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The 'Great Espcape'


Seeking adventure and freedom of the waters has always been a thrill for Lee Peterson, MD, of Portland, OR. With the companionship of his wife, Adrianne, and his charts clearly plotted, Dr. Peterson begins each journey in anticipation of what the day will bring.

Dr. Peterson and his wife were exposed to boating during much of their childhood. However, it wasn't until 1972-1 year after Dr. Peterson began his ophthalmic practice-when they began to take it more seriously.

"I always dreamed of boating on a regular basis, but up until that point I did not have the time or means available," he said. "I guess you could say it was in our blood. We always knew that we would be a boating family."

A treasured classic Dr. Peterson has owned a variety of boats over the years, but he particularly likes his current boat, the "Great Escape."

"Just as some people prefer classic cars over the newer cutting-edge models, that is how I feel about boats," Dr. Peterson said. "Our 20-year-old, Grand Banks 36-foot trawler has a single-diesel engine with a stateroom forward and aft. Each of the staterooms has a head [bathroom], which makes it nice when we have company staying with us. The middle of the boat contains the main salon [control station], and a galley [kitchen].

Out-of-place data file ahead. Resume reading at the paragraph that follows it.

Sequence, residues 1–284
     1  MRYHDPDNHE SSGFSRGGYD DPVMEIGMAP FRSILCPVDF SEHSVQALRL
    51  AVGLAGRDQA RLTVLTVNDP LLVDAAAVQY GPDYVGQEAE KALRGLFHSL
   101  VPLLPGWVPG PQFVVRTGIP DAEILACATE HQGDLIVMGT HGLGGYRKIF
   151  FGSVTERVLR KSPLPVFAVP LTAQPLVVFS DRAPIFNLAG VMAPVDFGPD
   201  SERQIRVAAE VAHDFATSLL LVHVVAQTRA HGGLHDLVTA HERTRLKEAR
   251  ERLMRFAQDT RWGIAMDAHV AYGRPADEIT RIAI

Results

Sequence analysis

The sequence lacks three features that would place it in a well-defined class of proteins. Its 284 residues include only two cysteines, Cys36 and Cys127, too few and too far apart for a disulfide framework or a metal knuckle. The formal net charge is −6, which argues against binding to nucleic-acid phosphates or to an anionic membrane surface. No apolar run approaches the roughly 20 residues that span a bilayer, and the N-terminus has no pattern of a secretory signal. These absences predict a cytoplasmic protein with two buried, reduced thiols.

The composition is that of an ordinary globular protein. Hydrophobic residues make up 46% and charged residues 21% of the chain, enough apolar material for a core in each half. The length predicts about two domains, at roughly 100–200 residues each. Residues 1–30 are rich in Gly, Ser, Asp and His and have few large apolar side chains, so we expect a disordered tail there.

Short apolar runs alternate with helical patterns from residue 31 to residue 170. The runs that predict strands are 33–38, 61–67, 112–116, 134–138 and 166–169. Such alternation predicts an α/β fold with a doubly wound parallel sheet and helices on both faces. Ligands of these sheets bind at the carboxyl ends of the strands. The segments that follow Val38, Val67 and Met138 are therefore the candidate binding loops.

"I can pilot the boat from one of two stations: either an indoor piloting station on the main cabin, or an outdoor station on the flying bridge," Dr. Peterson added. "When the weather is nice, it is always a pleasant experience to be on the upper deck. The boat is also seaworthy, meaning that it can withstand most storms and rough seas."

Embarking on adventure Dr. Peterson enjoys planning for a trip.

"I enjoy the preparation involved: plotting, getting my charts organized, and preparing the boat is part of the adventure for me," he said. "I am continually taking courses in advanced navigation so I can learn how to get to our destination in the safest way."

However, Dr. Peterson most looks forward to the cruise itself. One of the most memorable trips the Petersons took began May 24, 2003, when Dr. Peterson and his wife went on an 89-day, 2,400-mile trip to Alaska.

"Alaska is such a wild and beautiful place with nature at its best," he said. "I can gaze at the vast expanses of Alaskan wilderness and feel isolated from the rest of humanity, and experience vicariously what it would be like to be exploring virtually untouched land like days of yesteryear."

"Our son lives in Anchorage, but he met up with us in Petersburg," Dr. Peterson said. "They spent 10 days on board.

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